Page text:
However, fuel and reactor cells typically require complex electrical equipment in order to collect and transport electrons from one side of the cell to the other. This equipment is generally inappropriate for large scale manufacturing operations. Other methods require the input of external electrical energy and/or the use of corrosion resistant equipment. In addition, many reactor cells require relatively high operating temperatures (e.g. 70° C.-90° C.) in order to be effective. It would be desirable to have a method and reactor cell that does not require organic solvents, complex electrical equipment, or input of external electricity, but yet relieves the danger of explosion and is effective at room temperature.
The invention seeks to eliminate many of the difficulties indicated above. In a first aspect, this invention is a composite membrane for chemical synthesis comprising a multiphase conductive path, at least one phase of the path being a cation conductive phase and at least one phase of the path being an electron conductive phase that is dispersed internally throughout the cation conductive phase. The composite membrane may further comprise: (a) a first layer comprising an oxidizing agent; and (b) a second layer comprising a reducing agent, wherein the multiphase conductive path is positioned between, and operatively connected to, the first and second layers.
In a second aspect, this invention is a method for chemical synthesis comprising the following steps: (a) placing an electron and cation producing composition in contact with an oxidizing agent to produce at least one electron and at least one cation; (b) conducting the electron(s) and cation(s) produced in step (a) via a multiphase conductive path to an interface between a reducing agent and a composition capable of being reduced; and (c) reacting the electron(s) and the cation(s), conducted in step (b) with the composition capable of being reduced to form a reaction product.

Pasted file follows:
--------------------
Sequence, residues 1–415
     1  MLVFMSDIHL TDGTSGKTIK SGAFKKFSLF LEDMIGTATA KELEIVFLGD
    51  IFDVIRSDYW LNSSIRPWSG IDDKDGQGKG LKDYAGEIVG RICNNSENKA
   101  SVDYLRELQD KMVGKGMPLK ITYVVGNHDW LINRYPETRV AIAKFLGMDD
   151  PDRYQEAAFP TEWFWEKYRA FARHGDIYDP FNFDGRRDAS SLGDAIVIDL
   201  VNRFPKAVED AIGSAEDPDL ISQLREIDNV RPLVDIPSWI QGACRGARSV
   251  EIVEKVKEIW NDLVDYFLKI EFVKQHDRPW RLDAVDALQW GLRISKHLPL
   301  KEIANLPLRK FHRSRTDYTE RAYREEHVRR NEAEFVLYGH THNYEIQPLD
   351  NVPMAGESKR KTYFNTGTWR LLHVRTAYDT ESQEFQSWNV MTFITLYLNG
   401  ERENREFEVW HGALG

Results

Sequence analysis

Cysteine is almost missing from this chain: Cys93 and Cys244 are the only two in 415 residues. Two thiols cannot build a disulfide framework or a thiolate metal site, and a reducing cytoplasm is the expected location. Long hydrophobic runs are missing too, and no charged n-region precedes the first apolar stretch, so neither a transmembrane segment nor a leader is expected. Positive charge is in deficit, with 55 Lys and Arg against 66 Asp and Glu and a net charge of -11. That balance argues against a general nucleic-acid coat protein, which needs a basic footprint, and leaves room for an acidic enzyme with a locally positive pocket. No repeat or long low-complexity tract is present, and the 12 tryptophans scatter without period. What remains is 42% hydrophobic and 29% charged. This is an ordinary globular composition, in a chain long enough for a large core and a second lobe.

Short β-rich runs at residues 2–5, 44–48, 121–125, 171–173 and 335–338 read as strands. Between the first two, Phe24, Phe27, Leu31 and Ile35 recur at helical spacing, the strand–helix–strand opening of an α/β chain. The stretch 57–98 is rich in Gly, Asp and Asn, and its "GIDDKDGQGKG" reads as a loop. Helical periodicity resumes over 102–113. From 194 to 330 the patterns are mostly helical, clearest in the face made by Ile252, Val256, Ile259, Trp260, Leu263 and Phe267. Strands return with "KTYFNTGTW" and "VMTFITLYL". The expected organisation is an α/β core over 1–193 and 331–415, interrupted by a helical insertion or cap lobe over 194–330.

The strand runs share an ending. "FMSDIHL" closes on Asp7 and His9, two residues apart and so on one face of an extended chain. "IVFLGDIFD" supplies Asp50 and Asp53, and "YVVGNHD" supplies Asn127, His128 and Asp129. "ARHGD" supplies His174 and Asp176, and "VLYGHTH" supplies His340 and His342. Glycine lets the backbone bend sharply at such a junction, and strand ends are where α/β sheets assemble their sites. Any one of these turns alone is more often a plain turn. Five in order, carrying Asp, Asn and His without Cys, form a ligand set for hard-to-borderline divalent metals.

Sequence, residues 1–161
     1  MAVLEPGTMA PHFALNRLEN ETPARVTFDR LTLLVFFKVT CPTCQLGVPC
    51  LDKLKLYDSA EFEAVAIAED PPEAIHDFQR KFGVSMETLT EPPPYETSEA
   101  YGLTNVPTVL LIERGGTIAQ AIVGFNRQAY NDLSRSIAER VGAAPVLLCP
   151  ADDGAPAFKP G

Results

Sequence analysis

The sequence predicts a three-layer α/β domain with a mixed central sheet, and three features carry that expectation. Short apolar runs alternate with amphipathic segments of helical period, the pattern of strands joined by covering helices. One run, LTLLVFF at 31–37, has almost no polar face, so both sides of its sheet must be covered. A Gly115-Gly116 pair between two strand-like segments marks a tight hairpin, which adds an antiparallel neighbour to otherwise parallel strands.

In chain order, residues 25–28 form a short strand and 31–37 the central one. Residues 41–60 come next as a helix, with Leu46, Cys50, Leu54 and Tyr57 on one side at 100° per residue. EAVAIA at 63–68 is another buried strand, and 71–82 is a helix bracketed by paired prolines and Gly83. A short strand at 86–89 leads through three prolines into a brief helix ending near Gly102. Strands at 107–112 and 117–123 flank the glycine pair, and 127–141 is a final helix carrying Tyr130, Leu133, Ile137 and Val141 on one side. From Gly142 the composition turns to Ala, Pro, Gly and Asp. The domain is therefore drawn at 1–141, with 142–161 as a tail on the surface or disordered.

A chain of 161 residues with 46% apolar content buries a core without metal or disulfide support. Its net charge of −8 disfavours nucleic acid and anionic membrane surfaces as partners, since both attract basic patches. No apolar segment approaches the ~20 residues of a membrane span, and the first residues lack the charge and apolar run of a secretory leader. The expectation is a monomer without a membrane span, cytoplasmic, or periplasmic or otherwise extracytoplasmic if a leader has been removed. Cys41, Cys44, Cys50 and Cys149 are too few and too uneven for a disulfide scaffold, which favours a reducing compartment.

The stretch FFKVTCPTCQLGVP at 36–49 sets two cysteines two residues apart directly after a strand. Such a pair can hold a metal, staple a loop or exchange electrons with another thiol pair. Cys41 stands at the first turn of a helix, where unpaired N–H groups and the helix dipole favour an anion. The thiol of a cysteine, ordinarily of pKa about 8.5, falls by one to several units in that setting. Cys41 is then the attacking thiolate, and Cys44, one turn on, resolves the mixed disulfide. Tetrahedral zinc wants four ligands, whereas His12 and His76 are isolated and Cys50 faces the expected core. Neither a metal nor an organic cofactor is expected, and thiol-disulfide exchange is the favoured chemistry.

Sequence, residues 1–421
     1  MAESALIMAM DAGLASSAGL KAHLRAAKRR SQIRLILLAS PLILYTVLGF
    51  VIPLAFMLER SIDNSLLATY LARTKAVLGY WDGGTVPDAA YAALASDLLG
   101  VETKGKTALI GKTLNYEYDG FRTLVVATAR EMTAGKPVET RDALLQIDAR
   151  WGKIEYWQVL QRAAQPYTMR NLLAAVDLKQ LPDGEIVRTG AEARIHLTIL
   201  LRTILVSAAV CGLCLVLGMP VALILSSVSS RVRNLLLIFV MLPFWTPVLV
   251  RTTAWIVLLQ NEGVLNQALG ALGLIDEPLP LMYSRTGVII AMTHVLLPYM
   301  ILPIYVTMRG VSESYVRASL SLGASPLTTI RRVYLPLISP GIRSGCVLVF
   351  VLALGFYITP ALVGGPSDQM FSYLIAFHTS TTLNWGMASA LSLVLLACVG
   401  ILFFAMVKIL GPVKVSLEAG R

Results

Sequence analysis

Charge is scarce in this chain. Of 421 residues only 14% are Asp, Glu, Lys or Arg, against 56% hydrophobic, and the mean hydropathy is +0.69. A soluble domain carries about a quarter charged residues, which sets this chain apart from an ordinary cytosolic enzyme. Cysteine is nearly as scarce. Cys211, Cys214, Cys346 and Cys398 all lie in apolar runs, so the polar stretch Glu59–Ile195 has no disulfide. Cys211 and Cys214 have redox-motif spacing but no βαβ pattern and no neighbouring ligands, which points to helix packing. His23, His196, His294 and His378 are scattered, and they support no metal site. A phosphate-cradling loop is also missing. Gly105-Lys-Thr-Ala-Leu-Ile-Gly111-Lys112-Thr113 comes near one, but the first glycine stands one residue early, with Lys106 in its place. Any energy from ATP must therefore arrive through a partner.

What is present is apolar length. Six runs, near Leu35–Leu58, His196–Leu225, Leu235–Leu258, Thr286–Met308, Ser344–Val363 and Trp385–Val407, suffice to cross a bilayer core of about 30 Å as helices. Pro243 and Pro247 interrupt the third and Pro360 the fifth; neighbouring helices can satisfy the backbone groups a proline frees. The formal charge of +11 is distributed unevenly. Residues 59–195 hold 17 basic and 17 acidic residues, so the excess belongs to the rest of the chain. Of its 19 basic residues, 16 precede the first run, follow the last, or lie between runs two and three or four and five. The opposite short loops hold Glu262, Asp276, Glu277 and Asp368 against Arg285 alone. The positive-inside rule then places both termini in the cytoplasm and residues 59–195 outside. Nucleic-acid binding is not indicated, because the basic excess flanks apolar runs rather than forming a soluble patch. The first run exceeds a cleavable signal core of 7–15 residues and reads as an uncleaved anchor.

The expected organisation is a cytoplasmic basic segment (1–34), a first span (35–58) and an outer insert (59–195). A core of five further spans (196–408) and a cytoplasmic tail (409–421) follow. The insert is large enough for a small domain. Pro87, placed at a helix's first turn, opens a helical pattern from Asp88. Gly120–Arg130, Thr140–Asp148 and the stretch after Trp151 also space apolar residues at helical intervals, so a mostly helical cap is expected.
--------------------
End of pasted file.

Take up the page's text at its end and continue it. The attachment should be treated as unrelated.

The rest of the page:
In a third aspect, this invention is a chemical reactor comprising: (a) a composite membrane having a first layer and a second layer as defined in the first aspect of this invention; (b) an oxidizing chamber for containing an electron and cation producing composition and placing it in contact with the first layer of the composite membrane; and (c) a reducing chamber for containing a composition capable of being reduced and placing it in contact with the second layer of the composite membrane. The composite membrane is positioned between the oxidizing chamber and the reducing chamber in such a manner that the first layer of the composite membrane faces, and is operatively connected to, the oxidizing chamber and the second layer of the composite membrane faces, and is operatively connected to, the reducing chamber.
A reactor cell has now been discovered that does not require complex electrical equipment or input of external electricity. The reactor cell also provides a means for effective, room temperature, H2 O2 synthesis by safely reacting H2 and O2 directly in a single reactor in the absence of organic solvents. The reactor cell has a composite membrane comprising both electron and cation conducting materials. For purposes of this invention, any reference to "cation" also includes "proton." Thus, a cation conductive material is inherently a proton conductive material. By filling a porous electronic conductor, such as graphite cloth, carbon paper, or porous metal, with a cationically conductive material, such as a polymer of perfluorinated sulfonic acid (PFSA), the electronic conductor becomes a path to transfer electrons required to activate reactants. In addition, cationically conductive material surfaces can be coated with appropriate catalysts to increase favorability of a given reaction.